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Primary Tuesday: What’s on the ballot in Mississippi

March 7, 2020 GMT
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File - In this Oct. 5, 2018, file photo, Mike Espy, a former congressman and former U.S. agriculture secretary, is photographed in Jackson, Miss., and the Democrat will again try to beat incumbent Republican U.S. Sen. Cindy Hyde-Smith, after losing a competitive race to her in the 2018 special election. However, he must first beat two opponents in his party's primary on Tuesday, March 10. (AP Photo/Rogelio V. Solis, File)
1 of 13
File - In this Oct. 5, 2018, file photo, Mike Espy, a former congressman and former U.S. agriculture secretary, is photographed in Jackson, Miss., and the Democrat will again try to beat incumbent Republican U.S. Sen. Cindy Hyde-Smith, after losing a competitive race to her in the 2018 special election. However, he must first beat two opponents in his party's primary on Tuesday, March 10. (AP Photo/Rogelio V. Solis, File)

JACKSON, Miss. (AP) — Mississippi is one of six states holding federal party primaries on Tuesday. Here’s what’s on the ballot in Mississippi.

PRESIDENT

Former Vice President Joe Biden, Vermont Sen. Bernie Sanders and U.S. Rep. Tulsi Gabbard are competing for 36 Democratic delegates in Mississippi.

The Mississippi ballot was set before several Democratic candidates left the presidential race, and their names will still appear: Michael R. Bloomberg, Pete Buttigieg, Amy Klobuchar, Deval Patrick, Tom Steyer, Elizabeth Warren and Andrew Yang.

The Republican primary ballot in Mississippi has President Donald J. Trump, Roque ‘Rocky’ De La Fuente and Bill Weld. Mississippi was one of Trump’s strongest states in the 2016 general election. Mississippi has 40 Republican delegates.

U.S. SENATE

Republican U.S. Sen. Cindy Hyde-Smith is seeking a full six-year term, and she is unopposed for the GOP nomination. She was appointed to serve temporarily in the Senate in early 2018 when longtime Republican Sen. Thad Cochran retired. Hyde-Smith won a special election in November 2018 to complete the six-year term Cochran started.

Three candidates are seeking the Democratic nomination this year.

Mike Espy is a former Mississippi congressman and served as U.S. agriculture secretary in the mid-1990s when Bill Clinton was president. Espy lost to Hyde-Smith in the hard-fought 2018 special election. He has raised the most money among the Democrats running for the seat this year.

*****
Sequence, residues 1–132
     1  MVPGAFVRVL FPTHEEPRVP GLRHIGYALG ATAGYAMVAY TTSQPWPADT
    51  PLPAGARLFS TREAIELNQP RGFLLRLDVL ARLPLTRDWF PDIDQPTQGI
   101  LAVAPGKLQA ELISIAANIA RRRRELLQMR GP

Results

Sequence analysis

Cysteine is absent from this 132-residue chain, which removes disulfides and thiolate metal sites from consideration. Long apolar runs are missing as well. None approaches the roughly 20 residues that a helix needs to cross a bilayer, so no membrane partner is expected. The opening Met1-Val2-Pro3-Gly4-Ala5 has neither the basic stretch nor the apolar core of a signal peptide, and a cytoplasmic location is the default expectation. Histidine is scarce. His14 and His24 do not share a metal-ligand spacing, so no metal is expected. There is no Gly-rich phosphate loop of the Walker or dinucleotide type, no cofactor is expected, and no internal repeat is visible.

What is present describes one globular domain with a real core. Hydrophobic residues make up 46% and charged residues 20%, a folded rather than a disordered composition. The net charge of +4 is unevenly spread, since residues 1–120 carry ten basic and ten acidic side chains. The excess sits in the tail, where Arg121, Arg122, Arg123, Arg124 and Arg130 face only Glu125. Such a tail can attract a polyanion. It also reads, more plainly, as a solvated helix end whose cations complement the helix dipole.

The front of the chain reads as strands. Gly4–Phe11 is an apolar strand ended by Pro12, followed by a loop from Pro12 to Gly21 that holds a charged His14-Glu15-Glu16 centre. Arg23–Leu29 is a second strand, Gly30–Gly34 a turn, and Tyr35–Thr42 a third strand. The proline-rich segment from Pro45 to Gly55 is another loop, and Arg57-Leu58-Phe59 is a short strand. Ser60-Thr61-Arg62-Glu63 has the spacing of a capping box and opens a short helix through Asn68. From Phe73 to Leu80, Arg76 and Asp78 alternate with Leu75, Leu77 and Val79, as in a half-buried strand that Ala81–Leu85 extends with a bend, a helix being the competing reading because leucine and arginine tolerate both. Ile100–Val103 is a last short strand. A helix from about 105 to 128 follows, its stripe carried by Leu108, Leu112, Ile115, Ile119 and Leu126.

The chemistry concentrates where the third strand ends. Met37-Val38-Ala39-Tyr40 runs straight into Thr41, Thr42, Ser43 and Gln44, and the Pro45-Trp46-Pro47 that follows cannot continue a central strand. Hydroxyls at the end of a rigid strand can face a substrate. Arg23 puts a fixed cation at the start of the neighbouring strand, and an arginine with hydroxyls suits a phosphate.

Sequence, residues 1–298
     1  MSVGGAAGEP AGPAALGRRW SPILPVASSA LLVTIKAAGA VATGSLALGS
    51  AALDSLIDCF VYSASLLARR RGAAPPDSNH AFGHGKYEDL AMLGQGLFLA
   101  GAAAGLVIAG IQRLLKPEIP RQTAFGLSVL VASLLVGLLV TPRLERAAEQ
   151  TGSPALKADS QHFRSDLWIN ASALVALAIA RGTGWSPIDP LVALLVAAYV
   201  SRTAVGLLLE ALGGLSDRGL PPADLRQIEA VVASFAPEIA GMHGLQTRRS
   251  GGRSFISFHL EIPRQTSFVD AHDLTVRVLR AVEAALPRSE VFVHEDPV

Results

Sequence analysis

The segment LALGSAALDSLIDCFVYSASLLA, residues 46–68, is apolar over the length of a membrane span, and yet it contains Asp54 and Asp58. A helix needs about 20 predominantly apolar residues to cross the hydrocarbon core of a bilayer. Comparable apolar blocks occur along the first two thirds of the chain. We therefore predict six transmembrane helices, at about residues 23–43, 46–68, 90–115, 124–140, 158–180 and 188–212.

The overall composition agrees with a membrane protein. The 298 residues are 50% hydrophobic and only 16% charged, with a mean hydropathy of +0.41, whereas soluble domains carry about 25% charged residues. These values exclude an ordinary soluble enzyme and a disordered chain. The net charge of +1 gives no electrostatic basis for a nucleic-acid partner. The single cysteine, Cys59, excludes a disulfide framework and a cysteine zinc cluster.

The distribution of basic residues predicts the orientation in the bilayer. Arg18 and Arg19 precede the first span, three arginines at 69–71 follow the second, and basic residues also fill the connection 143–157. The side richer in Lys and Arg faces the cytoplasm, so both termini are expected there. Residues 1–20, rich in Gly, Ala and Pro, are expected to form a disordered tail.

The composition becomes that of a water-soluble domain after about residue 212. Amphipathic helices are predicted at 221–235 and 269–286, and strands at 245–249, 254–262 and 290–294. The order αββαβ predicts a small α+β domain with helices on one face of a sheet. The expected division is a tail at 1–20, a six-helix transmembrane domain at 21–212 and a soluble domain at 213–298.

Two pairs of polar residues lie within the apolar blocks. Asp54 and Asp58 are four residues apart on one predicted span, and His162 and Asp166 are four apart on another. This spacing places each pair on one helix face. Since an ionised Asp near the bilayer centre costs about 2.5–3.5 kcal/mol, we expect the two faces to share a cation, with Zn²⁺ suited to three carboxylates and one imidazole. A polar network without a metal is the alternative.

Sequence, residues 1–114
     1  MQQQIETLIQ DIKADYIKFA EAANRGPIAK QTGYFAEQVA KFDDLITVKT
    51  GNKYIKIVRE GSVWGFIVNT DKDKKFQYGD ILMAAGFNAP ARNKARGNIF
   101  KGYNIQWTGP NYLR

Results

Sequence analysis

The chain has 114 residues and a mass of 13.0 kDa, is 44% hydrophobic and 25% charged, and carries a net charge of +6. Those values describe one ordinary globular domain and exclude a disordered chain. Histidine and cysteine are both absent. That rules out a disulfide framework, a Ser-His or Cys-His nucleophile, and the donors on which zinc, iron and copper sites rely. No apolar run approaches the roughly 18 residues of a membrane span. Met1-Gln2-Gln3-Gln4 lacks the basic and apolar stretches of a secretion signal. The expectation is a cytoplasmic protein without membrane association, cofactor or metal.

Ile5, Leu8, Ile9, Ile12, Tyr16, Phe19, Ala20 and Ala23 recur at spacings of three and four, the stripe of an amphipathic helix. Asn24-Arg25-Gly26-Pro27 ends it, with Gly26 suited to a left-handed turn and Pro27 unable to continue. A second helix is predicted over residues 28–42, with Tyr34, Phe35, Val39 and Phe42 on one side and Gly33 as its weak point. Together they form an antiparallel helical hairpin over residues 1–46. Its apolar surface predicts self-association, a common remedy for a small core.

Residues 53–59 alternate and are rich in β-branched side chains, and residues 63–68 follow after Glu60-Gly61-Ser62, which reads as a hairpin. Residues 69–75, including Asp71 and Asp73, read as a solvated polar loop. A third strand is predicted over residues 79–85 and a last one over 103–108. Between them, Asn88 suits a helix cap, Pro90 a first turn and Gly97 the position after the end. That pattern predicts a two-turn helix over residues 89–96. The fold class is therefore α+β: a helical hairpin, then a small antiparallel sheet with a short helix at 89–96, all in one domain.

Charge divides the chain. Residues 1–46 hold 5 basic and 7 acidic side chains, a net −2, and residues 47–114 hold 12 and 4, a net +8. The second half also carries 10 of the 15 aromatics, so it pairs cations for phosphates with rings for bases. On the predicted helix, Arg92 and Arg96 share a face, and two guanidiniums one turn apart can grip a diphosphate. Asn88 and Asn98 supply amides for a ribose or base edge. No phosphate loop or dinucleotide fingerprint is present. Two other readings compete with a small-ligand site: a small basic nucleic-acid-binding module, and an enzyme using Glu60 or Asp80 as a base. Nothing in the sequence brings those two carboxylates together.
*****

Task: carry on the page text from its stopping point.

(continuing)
Tobey Bernard Bartee is a former military intelligence officer who was eliminated in the first round of voting in the 2018 special election for Senate.

Jensen Bohren has been a teacher, and he unsuccessfully challenged Republican U.S. Sen. Roger Wicker in 2018.

U.S. HOUSE — 1ST DISTRICT

Republican U.S. Rep. Trent Kelly is unopposed for his party’s nomination. He has been in the House since winning a 2015 special election in north Mississippi’s 1st District.

Antonia Eliason, a University of Mississippi law professor, is unopposed for the Democratic nomination.

U.S. HOUSE — 2ND DISTRICT

Democratic U.S. Rep. Bennie Thompson faces one challenger in his party’s primary, Sonia Rathburn.

Thompson has been in the House since winning a 1993 special election, in the 2nd District, which stretches along the Mississippi River, through the Delta and into Jackson. He is chairman of the Homeland Security Committee.

Rathburn owns a chiropractic business.

Three candidates are running in the Republican primary. Thomas L. Carey is a retired realtor who ran unsuccessfully for U.S. Senate in 2014. Brian Flowers is a military veteran who works at Grand Gulf Nuclear Station. B.C. Hammond is a volunteer firefighter and has run unsuccessfully for state legislative seats.

U.S. HOUSE — 3RD DISTRICT

Republican U.S. Rep. Michael Guest faces one challenger in his party’s primary, James Tulp.

Guest was first elected to the House in 2018 in the 3rd District in the central part of the state. Tulp hosts a talk show on a Jackson radio station.

Two candidates are running in the Democratic primary. Dorothy “Dot” Benford has run unsuccessfully for several offices. Katelyn Lee is a first-time candidate who advocates universal healthcare and expansion of public housing.

U.S. HOUSE — 4TH DISTRICT

Republican U.S. Rep. Steven Palazzo faces three challengers in his party’s primary, Carl Boyanton, Robert L. Deming III and Samuel Hickman.

Palazzo was first elected to the House in 2010 in south Mississippi’s 4th District. Boyanton has run a produce business. Deming is a Biloxi City Council member. Hickman has worked for U.S. Rep. Trent Kelly.

No Democrats are running in the 4th District.